Fetch the Bolt Cutters

By Coleman Bandy

First you see the cover. Like a throwaway collage from an amateur art class, it begs to not be taken seriously. In purple lettering, “Fiona Apple” is splayed above a goofy black-and-white photo of the singer-songwriter staring into her camera with a half-smile, one eye centered in the frame like an indie-rock cyclops. A few lightning bolts adorn the sides of her face. Then you see the title: Fetch the Bolt Cutters.

Many great albums aren’t universally acclaimed upon release; it takes time for the music to fully take hold. Only after 10 or so years will the record cement itself as a classic, its grooves slowly working their way into listeners’ long-term memories.

“Fetch the Bolt Cutters” is not one of those records. Over 50 minutes of perfect Venice Beach pop, Apple’s latest – by far the best of her career – is clearly a masterpiece of modern music. I’ve never heard anything quite like it before.

Its thematic and lyrical grandeur resembles Van Morrison’s “Astral Weeks,” its instrumental sparsity recalling Spoon’s “Kill the Moonlight,” but make no mistake: “Fetch the Bolt Cutters” is entirely its own animal. Built largely on Apple’s peerless singing voice and a bombastic, percussive rhythm, “Fetch the Bolt Cutters” uses Apple’s lyrics as its primary source of power. Album opener “I Want You to Love Me” is nothing short of a manifesto on the meaning of life:

“And I know when I go
All my particles disband and disperse
And I’ll be back in the pulse

And I know none of this’ll matter
In the long run
But I know a sound is still a sound
Around no one

And while I’m in this body
I want somebody to want
And I want what I want
And I want you to love me”

From there, she expands on themes she’s explored her whole career, but never before with this much poise or confidence. “Shameika” describes a middle school girl who instilled confidence in Apple at a young age, “Rack of His” flip-flops stereotypes about the male gaze, “Ladies” aims to bring warring women together. And then there’s the title track, a feminist call-to-arms in which Fiona echos a line she once heard on a TV show: a detective finds a woman’s chained and mangled body. “Fetch the bolt cutters,” she says. Set us free, Fiona.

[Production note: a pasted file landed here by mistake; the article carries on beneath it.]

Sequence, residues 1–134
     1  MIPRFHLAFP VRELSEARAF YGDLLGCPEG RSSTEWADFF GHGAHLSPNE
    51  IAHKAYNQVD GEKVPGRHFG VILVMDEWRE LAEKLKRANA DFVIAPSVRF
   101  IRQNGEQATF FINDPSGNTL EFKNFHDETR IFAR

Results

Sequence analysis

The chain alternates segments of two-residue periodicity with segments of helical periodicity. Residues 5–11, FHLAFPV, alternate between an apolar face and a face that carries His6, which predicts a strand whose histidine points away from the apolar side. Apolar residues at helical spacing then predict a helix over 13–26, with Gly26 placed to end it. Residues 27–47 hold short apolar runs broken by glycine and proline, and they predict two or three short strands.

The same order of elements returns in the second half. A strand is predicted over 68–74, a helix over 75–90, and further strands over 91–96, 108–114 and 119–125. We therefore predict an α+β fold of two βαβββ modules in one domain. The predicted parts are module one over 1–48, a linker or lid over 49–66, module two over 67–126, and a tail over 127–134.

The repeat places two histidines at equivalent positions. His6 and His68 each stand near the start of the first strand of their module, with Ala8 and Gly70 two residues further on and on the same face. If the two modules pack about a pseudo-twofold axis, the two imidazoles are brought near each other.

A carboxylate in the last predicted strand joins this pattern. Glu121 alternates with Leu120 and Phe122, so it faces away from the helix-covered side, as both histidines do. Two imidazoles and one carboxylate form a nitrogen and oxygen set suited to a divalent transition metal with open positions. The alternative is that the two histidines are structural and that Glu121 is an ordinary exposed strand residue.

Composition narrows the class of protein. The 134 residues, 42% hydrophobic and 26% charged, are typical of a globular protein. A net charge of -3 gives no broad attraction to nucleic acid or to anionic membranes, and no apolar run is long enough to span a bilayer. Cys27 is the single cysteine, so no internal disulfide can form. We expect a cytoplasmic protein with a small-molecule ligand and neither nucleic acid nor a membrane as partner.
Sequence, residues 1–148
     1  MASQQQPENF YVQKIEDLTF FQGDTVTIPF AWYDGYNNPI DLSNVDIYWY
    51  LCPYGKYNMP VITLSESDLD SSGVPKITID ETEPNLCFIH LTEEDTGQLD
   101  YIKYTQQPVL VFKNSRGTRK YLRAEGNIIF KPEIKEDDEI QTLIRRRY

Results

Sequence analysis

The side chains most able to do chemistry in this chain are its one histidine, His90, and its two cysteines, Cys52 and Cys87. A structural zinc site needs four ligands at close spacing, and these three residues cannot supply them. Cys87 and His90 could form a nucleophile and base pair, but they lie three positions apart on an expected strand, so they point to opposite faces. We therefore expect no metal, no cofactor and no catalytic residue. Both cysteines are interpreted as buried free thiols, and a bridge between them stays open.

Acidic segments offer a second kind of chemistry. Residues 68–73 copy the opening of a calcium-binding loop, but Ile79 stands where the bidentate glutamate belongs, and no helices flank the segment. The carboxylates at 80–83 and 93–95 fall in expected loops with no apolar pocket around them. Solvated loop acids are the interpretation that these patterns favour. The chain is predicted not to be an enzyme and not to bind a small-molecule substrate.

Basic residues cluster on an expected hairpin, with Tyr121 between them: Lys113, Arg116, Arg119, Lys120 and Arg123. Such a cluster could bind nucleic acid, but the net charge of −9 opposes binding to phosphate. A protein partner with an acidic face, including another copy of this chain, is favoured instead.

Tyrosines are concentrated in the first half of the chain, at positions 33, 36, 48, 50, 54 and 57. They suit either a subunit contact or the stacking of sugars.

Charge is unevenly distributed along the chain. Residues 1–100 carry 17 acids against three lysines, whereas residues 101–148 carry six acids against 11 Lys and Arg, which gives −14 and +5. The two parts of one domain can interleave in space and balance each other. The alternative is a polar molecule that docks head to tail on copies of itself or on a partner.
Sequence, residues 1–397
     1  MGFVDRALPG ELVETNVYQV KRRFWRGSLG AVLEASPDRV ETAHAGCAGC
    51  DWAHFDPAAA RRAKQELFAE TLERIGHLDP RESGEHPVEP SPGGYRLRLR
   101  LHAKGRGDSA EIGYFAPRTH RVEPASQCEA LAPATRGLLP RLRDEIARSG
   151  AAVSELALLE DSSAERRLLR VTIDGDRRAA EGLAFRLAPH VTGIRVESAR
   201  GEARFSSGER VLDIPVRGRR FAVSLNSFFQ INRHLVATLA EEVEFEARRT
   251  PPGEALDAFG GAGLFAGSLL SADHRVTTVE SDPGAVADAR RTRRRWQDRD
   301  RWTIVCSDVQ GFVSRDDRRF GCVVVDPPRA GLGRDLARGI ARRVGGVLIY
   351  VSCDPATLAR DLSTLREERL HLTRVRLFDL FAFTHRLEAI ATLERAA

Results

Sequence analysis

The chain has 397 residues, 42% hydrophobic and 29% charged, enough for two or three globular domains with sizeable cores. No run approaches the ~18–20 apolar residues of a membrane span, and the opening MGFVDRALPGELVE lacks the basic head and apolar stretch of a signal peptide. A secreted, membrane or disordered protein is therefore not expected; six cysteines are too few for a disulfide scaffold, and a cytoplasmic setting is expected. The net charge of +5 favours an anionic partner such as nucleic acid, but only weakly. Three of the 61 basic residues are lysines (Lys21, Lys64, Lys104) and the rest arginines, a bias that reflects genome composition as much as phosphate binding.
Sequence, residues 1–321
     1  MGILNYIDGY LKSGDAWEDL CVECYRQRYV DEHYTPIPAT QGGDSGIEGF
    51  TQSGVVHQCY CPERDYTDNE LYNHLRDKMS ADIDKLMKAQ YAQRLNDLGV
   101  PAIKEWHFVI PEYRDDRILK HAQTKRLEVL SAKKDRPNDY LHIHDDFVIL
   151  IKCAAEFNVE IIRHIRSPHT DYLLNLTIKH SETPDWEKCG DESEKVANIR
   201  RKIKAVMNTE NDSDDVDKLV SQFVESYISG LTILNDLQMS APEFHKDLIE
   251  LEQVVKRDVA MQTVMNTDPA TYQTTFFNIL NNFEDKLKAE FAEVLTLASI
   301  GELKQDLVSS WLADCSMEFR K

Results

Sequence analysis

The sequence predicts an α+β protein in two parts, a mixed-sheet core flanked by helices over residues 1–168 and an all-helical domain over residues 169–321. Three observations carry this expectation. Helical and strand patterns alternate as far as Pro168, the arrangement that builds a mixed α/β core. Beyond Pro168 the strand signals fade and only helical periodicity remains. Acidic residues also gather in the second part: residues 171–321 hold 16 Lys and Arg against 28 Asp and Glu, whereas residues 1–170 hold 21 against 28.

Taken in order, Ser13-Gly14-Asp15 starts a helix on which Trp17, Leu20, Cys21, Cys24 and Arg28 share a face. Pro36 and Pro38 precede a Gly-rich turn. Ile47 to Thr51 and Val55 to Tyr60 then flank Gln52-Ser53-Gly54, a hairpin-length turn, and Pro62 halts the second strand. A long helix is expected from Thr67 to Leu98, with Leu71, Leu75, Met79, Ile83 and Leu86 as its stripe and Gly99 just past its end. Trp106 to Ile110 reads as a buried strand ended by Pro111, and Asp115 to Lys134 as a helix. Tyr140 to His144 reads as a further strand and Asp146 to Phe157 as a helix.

Throughout pop music history, some of the very best albums tend to reflect the zeitgeist in an almost mystic way: think “Sgt. Pepper’s” or “What’s Going On.” That FTBC was recorded in relative isolation by Apple and a tight-knit group of collaborators – years before ‘social distancing’ became a household term – is nothing short of serendipitous. Its greatest power, though, is its capacity to inspire. Through its decidedly feminist themes of rape, consent, oppression, and finally fulfillment, “Fetch the Bolt Cutters” is not only a relic of the Coronavirus epoch, but perhaps the magnum opus of the “Me Too” era.

That’s not a statement to make lightly, but then again, Fiona Apple doesn’t do *anything* lightly. In a frankly fantastic New Yorker expose, Apple sounds unchained and unafraid. She talks about her turbulent public relationships without apprehension. She ponders what it means to forgive the man who raped her at age 12. It’s as if she’s finally reached the apex of some great climb, that she’s no longer “Running Up That Hill” like the Kate Bush classic she references in the title track.

In reality, she will probably always be running up that proverbial hill, seeking permanent peace that may be unattainable. But brief moments of “Fetch the Bolt Cutters” offer a clear-eyed view of the other side of that mountain. If music can’t achieve the impossible, what can?

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